This leaves us with government bonds – the one asset class that has traditionally been viewed as a shock absorber providing protection against equity market shocks resulting in sell-offs. But as we’ve seen, investors buying this protection are guaranteed to lose money, and it’s hard to see bond yields declining materially from these levels (remember, when bond yields fall, bond prices appreciate).


Investors therefore have a tough call to make in an environment in which nothing stands out. In our view, the best course of action is to ensure a sensible blend of assets – taking into account both the macro-economic risks as well as the current asset class pricing dilemma.

In this unusual environment we don’t believe it’s wise or rational to employ aggressive asset allocation calls in our multi-asset portfolios. We still express our views on the margin, however. We’re now underweight in both global and local bonds – but we do still hold some bonds for their ‘buffer’ role in a portfolio in times of uncertainty.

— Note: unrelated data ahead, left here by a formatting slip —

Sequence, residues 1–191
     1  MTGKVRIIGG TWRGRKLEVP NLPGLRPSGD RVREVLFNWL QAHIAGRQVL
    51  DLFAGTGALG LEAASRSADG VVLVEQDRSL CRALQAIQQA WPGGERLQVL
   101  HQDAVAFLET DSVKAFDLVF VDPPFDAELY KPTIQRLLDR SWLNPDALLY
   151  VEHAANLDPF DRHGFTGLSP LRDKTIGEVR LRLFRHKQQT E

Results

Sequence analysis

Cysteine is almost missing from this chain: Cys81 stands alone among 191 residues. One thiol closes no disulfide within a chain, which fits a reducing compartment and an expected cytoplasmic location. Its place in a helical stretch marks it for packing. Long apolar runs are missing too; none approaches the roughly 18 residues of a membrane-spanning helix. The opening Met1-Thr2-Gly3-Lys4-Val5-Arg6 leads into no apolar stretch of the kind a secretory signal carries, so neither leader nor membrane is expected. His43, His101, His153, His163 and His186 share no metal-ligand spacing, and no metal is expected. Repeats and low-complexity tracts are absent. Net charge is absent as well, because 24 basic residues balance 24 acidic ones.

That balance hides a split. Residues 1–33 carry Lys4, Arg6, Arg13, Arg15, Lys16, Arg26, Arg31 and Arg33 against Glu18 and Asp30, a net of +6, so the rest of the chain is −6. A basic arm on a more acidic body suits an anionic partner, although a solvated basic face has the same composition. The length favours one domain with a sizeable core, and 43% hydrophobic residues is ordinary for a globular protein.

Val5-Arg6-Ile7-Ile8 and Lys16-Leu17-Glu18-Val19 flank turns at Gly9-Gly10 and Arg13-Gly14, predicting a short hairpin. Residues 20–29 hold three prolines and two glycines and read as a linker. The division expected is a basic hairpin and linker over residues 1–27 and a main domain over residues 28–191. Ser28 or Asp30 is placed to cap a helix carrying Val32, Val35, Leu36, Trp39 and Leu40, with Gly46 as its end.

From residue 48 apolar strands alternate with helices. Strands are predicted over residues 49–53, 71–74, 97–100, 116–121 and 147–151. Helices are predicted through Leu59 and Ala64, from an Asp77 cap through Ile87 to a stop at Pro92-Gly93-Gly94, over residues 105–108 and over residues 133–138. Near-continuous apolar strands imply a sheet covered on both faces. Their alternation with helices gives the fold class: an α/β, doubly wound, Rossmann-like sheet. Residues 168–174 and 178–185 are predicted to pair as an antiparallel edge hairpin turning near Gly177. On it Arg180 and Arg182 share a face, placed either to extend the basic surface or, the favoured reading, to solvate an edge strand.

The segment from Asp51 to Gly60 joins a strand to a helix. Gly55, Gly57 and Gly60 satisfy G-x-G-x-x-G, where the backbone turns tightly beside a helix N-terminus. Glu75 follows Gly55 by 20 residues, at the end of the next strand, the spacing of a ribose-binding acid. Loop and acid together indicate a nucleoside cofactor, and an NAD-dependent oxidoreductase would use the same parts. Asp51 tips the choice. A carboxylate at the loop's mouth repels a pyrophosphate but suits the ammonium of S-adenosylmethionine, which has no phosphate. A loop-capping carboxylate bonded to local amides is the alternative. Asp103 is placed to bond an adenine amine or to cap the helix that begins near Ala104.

It’s our view that financial markets currently dictate a more conservative cash position, so the cash portion in our portfolios is significant. Cash provides security, but it also offers optionality – to take advantage of opportunities that may arise in either the property or equity markets.

Taking a longer-term view, we’ll be looking to increase the offshore equity exposure in our multi-asset class portfolios, taking into account currency considerations as well as equity valuations. We’ll consider it prudent to migrate a portion of assets offshore at an exchange rate lower than R14 to the US dollar – and then only if equity prices are such that we see decent prospective investment outcomes for our clients.


It’s important to note that we won’t be changing our proven long-term approach when it comes to asset allocation. This approach has always been rooted in a solid base of research, insight and patience, seeking superior returns over the long term and avoiding the distraction of quick and perhaps unsustainable wins.

However, the aggressive movements in the prices of the various asset classes we’re currently experiencing do require us to be nimble – without sacrificing our long-term value considerations. We’ll therefore make use of these short-term opportunities – if the price is compelling – and carefully adjust our clients’ portfolios for better investment returns over the long term.